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On Tuesday, March 20th, reggae legends Toots and Maytals came to Boston’s House of Blues for a night of soulful reggae hits by the man who first mastered the style over 40 years ago. With a huge catalogue of classic tunes to choose from, Toots and his phenomenal backing band the Maytals made sure no one was going to leave this show unsatisfied.
To kick things off for the night, Atlanta natives The Constellations took the stage. The Constellations have a sound that defies easy description. With enough groove to call them a funk band, enough power to call them rock, and enough jamming sensibilities without getting repetitive, they seemed right at home with the crowd. While the band clearly had a dedicated following screaming their lyrics back at them from the front of the crowd, most people seemed unfamiliar with the group. This seemed not to matter however as The Constellations had more than enough catchy melodies and energetic stage antics to go around and keep everyone happy.
A mere half-hour later, the Maytals took the stage. After a couple more minutes of building anticipation, Toots finally strolled out onto the stage in a sharp white suit and sunglasses. To the collective screams of the crowd, Toots broke into his first number “Reggae Got Soul” and didn’t slow down from there. Taking songs from across his career, Toots played a two hour set of his signature groovy reggae classics that kept people moving the whole time. Toots made a big point to get the crowd as involved as possible and really make it feel like a communal event. It felt like everyone was united as one group instead of the normal split feeling of a performer separated from an audience. The House of Blues sang along as Toots played through hit after hit such as “Time Tough,” “Monkey Man,” and a personal favorite of mine, Toots’ take on the John Denver classic “Take Me Home Country Roads”. People cheered and sang for “Pressure Drop” and stormed the stage to dance with the band. Even when Toots finally closed the show was his all time classic “54-46 Was My Number,” there wasn’t anyone left not getting involved.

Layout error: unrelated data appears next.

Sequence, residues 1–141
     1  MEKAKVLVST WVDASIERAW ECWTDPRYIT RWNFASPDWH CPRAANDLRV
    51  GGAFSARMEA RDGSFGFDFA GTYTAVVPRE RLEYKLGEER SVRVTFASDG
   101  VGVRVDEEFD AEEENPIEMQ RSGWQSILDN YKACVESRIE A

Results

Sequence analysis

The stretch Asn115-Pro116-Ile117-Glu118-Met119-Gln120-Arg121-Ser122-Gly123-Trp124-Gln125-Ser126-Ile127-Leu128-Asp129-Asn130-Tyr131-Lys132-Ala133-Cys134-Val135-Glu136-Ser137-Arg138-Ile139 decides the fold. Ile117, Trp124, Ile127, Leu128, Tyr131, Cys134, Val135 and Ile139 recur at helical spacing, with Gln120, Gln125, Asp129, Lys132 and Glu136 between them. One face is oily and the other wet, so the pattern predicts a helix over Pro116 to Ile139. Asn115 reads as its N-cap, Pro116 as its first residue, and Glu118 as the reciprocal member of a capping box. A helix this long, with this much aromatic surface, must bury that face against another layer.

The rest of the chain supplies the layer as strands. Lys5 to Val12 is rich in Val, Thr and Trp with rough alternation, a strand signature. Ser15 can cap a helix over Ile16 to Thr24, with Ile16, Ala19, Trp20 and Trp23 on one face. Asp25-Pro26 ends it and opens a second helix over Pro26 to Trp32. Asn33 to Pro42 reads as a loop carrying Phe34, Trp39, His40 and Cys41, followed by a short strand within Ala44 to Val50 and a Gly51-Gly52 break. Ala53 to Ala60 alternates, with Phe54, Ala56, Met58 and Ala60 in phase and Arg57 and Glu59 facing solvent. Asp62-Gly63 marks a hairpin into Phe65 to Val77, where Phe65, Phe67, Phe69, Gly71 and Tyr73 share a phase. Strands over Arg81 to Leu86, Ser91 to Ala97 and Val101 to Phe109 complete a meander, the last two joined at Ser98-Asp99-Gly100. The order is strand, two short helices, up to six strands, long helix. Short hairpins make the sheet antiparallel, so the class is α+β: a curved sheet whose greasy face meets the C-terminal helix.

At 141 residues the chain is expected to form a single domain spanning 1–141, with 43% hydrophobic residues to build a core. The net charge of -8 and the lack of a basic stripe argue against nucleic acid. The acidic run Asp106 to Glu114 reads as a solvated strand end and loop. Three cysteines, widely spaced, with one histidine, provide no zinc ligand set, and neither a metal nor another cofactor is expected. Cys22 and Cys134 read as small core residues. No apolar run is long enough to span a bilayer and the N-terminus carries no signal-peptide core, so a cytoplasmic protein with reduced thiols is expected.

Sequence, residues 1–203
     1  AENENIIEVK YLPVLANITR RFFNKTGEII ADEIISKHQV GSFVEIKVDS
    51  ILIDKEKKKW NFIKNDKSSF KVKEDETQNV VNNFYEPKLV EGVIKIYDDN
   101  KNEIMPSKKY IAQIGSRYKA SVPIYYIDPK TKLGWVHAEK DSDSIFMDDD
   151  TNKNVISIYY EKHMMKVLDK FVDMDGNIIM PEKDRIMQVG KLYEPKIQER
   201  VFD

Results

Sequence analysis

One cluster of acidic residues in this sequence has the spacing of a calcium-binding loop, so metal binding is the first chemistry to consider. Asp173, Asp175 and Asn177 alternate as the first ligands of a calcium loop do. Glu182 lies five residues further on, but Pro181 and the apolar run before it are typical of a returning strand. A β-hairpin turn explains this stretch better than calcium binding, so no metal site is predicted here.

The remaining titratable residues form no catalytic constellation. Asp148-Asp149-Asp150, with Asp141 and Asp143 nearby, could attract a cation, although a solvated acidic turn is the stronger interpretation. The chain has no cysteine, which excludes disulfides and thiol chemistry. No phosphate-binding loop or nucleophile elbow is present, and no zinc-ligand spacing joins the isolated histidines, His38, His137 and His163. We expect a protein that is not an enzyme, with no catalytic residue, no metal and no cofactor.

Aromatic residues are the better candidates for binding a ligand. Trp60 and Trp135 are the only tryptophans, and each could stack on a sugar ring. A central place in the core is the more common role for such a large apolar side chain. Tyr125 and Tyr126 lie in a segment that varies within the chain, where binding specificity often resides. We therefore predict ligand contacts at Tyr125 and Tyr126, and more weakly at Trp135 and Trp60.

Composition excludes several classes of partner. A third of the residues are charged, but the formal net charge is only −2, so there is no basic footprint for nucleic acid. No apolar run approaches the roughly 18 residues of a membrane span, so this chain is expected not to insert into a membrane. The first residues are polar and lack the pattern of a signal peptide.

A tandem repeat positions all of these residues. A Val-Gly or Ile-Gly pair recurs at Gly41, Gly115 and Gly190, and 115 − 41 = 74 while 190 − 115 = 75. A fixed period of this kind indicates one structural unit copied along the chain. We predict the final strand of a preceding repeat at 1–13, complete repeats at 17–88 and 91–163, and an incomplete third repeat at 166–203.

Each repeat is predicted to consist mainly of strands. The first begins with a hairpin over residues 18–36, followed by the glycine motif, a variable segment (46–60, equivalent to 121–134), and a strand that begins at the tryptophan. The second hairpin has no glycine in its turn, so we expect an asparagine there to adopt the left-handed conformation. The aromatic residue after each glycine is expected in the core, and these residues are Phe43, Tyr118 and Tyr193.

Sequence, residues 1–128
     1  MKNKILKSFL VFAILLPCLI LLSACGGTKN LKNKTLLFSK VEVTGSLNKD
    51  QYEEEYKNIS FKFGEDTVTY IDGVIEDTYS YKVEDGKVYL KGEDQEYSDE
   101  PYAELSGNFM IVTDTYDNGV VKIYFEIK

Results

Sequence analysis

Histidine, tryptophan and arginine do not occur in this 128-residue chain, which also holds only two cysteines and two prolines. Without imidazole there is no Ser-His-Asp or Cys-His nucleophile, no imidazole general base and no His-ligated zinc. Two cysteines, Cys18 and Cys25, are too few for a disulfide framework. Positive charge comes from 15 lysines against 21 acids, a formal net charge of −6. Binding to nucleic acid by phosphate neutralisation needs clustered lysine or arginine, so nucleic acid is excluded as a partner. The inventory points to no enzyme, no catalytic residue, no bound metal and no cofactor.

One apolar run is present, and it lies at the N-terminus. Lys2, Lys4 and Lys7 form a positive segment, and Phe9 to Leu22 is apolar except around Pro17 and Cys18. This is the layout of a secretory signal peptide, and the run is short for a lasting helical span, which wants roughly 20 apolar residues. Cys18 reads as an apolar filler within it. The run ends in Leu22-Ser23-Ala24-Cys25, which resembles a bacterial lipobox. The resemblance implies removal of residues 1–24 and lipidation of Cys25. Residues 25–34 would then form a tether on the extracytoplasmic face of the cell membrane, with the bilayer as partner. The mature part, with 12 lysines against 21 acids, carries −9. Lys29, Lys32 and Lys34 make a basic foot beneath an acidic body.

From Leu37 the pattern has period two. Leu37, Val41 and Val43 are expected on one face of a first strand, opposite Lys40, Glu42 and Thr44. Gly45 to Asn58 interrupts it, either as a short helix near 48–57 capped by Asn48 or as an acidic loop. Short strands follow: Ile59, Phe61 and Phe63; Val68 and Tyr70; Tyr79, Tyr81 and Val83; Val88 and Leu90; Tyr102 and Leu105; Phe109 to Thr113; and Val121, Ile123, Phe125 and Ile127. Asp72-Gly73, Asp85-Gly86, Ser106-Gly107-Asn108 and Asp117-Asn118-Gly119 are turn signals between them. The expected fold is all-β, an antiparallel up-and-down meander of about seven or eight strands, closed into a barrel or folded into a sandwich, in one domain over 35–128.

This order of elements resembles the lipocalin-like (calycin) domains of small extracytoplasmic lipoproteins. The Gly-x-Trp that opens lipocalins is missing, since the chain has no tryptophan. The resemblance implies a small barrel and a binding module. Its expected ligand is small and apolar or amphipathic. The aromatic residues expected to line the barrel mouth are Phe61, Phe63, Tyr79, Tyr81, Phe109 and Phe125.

One of the most defining qualities of the show was the variety of people visible in the crowd. Middle-aged parents had brought their kids to see Toots for the first time. There were college kids coming out for a fun evening and old Rasta men who had probably been listening to Toots for most of their lives. Not only was everyone there to have fun and to share it with each other, but they were there to share the evening with the band. Toots claims that his shows and his records are all about positivity and spreading good vibes to everyone who wants them. After seeing his show and seeing the crowd, it would be hard to argue that the Godfather of reggae didn’t accomplish his goal.